The two most valuable businesses in the world are technology companies. A tech-heavy index is close to its all-time highs. A struggling technology company has put itself up for sale and might be on the verge of selling its assets for more than they're worth.
We've seen this movie before, in 2000 ... and we might see it again. It could signal that the latest tech boom is coming to an end.
The Nasdaq and China's Shenzhen index both have huge weightings in technology shares. Since market lows in 2008-2009, they have both outperformed the rest of the world. As shown below, the Nasdaq has gained 238% and the Shenzhen 310% over that time. The S&P 500 has done well too but is "only" up 207% since the global financial crisis.
And some of the core assets of Yahoo! (YHOO) , once a Web portal giant, are up for sale.
Yahoo! is a shadow of what it once was. At the height of the last tech boom, in early 2000, Yahoo! was worth $94 billion. It is now worth about $35 billion, and $30 billion of that is from its stake in Alibaba (BABA) - Get Report , the Chinese e-commerce company. Yahoo!'s search and advertising businesses have had flat revenue for years and fell in the first part of this year.
Yahoo! was one of the original Internet "superstar" companies. But it's now worth a fraction of today's big tech players. Facebook is worth 10 times more, and Google parent Alphabet is 14 times more valuable.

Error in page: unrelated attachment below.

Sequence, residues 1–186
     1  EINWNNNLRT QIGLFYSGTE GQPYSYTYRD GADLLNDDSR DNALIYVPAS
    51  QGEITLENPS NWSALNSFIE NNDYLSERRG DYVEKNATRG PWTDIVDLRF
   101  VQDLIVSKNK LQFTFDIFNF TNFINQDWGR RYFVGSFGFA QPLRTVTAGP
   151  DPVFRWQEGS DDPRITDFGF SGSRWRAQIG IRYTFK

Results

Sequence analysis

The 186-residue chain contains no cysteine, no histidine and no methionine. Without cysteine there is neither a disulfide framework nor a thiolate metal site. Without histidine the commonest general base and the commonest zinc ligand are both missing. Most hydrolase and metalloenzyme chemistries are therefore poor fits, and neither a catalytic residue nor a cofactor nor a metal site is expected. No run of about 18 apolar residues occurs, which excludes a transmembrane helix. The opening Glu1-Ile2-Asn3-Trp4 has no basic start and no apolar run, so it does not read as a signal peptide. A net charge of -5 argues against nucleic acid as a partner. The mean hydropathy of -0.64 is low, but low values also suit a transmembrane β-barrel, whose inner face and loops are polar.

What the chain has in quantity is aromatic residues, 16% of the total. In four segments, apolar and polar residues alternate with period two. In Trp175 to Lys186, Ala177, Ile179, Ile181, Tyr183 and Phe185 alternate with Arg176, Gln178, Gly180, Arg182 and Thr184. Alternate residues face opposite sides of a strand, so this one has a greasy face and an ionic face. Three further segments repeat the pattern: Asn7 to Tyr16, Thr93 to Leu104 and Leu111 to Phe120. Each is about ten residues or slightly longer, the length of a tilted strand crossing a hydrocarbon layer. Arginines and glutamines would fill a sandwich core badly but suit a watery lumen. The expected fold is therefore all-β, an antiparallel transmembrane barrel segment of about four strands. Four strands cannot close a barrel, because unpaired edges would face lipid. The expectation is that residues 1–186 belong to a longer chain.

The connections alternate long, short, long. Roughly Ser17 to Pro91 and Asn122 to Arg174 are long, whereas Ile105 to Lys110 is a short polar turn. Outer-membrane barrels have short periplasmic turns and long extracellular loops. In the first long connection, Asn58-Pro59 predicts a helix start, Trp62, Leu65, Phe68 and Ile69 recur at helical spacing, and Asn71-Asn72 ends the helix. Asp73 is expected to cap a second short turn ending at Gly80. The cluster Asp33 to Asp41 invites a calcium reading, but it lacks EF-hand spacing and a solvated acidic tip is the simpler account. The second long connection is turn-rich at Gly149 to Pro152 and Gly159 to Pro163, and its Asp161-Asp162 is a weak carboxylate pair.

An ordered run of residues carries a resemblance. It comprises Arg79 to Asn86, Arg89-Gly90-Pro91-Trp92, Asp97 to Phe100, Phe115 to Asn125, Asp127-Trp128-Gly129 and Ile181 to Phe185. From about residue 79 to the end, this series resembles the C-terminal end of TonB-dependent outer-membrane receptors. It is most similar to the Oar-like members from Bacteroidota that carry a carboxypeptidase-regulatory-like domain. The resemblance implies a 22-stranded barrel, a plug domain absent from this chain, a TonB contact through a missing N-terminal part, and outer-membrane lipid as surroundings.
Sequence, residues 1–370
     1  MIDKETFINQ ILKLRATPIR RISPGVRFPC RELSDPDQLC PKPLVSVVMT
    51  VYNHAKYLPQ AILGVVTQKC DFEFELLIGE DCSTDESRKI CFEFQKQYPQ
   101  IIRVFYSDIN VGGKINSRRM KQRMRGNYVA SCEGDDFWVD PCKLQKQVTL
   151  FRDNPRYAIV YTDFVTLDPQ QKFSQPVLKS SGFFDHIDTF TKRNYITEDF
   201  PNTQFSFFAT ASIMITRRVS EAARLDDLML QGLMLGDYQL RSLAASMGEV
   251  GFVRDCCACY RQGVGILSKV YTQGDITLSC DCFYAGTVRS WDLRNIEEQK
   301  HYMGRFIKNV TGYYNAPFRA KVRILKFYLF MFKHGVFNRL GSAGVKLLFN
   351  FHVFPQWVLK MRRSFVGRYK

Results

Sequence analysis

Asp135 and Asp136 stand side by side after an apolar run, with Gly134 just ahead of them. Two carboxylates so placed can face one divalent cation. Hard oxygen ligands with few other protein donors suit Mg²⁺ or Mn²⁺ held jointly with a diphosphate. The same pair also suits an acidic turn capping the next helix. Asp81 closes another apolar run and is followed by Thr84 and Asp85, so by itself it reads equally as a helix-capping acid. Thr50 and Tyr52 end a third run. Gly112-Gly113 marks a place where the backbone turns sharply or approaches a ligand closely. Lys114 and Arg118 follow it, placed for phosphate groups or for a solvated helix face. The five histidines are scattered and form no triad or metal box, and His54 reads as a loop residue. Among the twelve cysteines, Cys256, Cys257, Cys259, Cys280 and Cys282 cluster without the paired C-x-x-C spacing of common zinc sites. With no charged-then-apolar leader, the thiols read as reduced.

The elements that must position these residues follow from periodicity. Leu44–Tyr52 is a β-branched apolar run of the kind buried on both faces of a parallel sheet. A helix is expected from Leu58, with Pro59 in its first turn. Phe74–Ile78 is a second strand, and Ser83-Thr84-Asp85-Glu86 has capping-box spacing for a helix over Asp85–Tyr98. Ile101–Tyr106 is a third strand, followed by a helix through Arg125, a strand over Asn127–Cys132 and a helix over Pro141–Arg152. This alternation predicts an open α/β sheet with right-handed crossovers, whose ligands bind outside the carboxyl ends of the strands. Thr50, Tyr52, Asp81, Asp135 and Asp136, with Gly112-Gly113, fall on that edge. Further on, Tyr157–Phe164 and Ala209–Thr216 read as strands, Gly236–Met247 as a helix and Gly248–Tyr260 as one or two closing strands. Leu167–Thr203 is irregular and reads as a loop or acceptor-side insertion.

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Yahoo!'s core businesses -- that is, if you take away Alibaba and a stake in highly profitable Yahoo! Japan -- include email, search functions, Yahoo Finance and social media company Tumblr. Based on initial estimates, these assets have a combined value of $2 billion to $3 billion.
But, according to Bloomberg, as of the end of April, 10 bids had been submitted for these assets. Media reports suggested that some bidders were willing to pay as much as $8 billion, for assets that any objective analysis suggests are worth a fraction of that. Some of the interested parties have the idea that buying Yahoo!'s core assets "might create synergies" with their existing businesses.